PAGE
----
In its annual survey on global terrorism, released on Wednesday, September 19, the State Department said that Iran and its proxy militias are responsible for escalating multiple conflicts in the region, as well as undermining US interests there.

The report read: “Designated as a state sponsor of terrorism in 1984, Iran continued its terrorist-related activity in 2017, including support for Lebanese Hezbollah, Palestinian terrorist groups in Gaza, and various groups in Syria, Iraq, and throughout the Middle East.”

The survey also explained that the Iranian Regime used its Islamic Revolutionary Guards Corps (IRGC) and Qods Force to provide support to terrorist organizations, provide cover for associated covert operations, and increase instability in the region.

The State Department survey specifically said that Iran was responsible for causing violence in Afghanistan, Bahrain, Iraq, Lebanon and Yemen. It even said that Iranian fighters and Iran-backed militias, (i.e. Lebanon’s Hezbollah) have come out of the Syrian civil war, where Iran was supporting dictator Bashar Assad, emboldened and with valuable battlefield experience they seek to leverage elsewhere.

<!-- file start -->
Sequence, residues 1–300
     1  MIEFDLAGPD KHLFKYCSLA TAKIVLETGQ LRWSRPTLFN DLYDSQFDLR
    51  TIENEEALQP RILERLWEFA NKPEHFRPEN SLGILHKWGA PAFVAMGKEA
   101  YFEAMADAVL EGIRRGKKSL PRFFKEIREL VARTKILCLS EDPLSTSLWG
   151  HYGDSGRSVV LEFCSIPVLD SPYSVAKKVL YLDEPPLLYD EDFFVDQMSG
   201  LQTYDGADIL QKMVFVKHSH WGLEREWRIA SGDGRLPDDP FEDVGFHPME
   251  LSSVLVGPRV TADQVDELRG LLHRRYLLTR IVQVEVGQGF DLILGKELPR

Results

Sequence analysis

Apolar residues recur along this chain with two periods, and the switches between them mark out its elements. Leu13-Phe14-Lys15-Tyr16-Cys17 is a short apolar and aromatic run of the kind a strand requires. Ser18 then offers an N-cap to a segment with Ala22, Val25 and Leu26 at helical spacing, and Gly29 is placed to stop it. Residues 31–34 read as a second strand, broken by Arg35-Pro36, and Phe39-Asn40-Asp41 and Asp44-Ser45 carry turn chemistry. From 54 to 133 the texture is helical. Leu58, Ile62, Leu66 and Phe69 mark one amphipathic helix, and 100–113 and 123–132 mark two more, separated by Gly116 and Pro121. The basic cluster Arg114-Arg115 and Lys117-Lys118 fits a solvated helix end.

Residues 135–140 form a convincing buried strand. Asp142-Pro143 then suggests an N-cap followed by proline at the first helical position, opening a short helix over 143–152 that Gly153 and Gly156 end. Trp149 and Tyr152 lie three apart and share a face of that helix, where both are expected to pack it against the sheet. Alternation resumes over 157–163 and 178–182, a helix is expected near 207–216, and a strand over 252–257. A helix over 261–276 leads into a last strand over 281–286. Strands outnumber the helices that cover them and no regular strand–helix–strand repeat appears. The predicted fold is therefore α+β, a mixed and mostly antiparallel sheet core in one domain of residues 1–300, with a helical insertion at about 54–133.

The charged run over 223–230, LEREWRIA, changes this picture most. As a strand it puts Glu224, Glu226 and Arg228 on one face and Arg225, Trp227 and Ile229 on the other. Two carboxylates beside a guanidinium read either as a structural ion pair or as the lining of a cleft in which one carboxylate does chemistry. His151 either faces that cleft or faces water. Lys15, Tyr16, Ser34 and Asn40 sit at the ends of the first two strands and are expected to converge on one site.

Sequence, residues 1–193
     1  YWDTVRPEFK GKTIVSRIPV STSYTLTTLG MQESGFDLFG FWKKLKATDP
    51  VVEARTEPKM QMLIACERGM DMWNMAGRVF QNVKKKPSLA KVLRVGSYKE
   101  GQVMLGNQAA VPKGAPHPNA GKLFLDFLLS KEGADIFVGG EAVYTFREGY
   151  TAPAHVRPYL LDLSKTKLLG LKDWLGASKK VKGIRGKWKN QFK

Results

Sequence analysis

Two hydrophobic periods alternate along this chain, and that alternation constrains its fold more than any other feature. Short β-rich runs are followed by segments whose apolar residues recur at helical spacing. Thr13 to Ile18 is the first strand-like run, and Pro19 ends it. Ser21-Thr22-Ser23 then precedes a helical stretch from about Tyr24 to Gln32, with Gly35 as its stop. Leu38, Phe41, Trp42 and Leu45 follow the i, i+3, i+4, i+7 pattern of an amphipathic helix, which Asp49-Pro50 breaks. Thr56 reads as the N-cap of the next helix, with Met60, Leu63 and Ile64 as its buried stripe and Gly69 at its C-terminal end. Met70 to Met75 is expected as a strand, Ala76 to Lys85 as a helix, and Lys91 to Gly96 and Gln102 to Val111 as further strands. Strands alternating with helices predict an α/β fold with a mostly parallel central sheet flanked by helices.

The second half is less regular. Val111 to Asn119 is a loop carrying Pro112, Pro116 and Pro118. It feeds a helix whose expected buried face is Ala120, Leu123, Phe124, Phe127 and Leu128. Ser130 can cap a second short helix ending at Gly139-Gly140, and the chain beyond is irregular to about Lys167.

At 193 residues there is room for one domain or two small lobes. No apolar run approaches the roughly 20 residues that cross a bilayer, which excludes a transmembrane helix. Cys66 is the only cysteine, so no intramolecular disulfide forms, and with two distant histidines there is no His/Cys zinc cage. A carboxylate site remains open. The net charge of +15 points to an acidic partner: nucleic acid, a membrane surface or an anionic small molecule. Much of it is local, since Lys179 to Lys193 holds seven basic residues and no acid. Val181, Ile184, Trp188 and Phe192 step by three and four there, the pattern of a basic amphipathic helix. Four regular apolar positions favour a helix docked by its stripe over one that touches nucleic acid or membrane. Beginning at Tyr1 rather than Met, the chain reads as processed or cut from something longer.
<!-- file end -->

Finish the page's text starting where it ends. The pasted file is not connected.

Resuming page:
The State Department report also warned of a robust offensive cyber program run by the Iranian Regime, which has in the past sponsored cyber attacks against foreign government and private sector corporations (i.e. petrochemicals, defence contractors). This lines up with warnings earlier this week from cyber security firm FireEye who said that Iran could be plotting another cyber attack on the US in response to sanctions that will be imposed in November.

The State Department’s survey reported a 24 per cent decrease in terrorist attacks across the globe between 2016 and 2017, which is largely due to a sharp decline in the Islamic State (IS) extremist group, which has been largely defeated. Their members are regrouping in Asia and Europe, but they are still much less of a threat than Iran.

This new information from the State Department proves that sanctions are the right way to deal with the mullahs. By cutting off their access to the global financial markets and preventing them from selling their oil, which is 70% of their exports, the world can limit the amount of money that Iran can use to fund its terrorist operations.